The last morning of our tumbled, disjointed fates, we slept in a trucker’s motel. At 7 am a motorcycle pierced the silence, backfiring loudly. The loud pop was the sound of night breaking violently into day, and suddenly morning spilled into our bed and over our skin, a cold sluicing morning, chilling and discompassionate.
I sat up and looked down at Damian’s flushed, sleep-heavy body. In two hours he would head back to Oregon, to the family tree farm that dug him into the grime of life, rooted him to pain and brutal obligation.
Two winters ago, we met. I, a trucker carrying his manicured firs east to Ohio, and Damian, the dutiful son, farming and hating the land, the culture, the wet drudgery of the northwest. We met, mismatched and exhausted. I, divorced, drifting, taciturn and old-fashioned, and Damian, younger, uncouth, almost immoral. He rushed and pushed and grabbed what he needed. At the bar, in restaurants, behind silent hotel doors.
What was I, but lonely and unwanted. Damian, escaping small town life, perhaps found victory in subverting my simple needs.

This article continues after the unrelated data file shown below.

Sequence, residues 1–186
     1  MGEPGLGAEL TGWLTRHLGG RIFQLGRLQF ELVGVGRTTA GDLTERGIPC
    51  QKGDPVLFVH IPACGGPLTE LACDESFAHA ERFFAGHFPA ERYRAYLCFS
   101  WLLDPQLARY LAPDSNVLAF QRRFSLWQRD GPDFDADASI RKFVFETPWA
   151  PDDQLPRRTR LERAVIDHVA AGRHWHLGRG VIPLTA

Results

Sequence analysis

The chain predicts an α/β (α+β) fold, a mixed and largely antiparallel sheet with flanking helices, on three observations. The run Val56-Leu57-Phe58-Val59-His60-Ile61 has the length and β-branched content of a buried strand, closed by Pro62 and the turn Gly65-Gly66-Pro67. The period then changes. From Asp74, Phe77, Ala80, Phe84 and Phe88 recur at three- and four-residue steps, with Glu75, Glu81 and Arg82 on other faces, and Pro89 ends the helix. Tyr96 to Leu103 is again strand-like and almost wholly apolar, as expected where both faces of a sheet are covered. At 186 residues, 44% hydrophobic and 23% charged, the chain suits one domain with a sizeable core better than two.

There was no chance, then, for love.
Yet at this hour, my hands clasped and eyes tired, I wished for it. As yellow light struggled through frost, as Damian rolled unconsciously, almost caressingly, against me, I felt, in that moment, surely life granted it was mine.
By Gina Headden
Professor Marks watched Euan walk away, sure that this time he’d got through to the boy.
Head bowed, Euan left the studio, despair spreading through him like a virus.
There was a place for naïve art, of course. But this wasn’t it. The boy’s painting was no better than one by a five-year-old: a yellow sun pasted in a blue sky above a four-windowed house. Child’s play. Euan still had so much to learn.
He had wanted to talk of simplicity. Of warmth freely given. Of brightness and of light. Instead, he’d been burned.
Sometimes, one had to be harsh to be heard. He had gone through the same process himself and, well, just look at him now. He had tenure.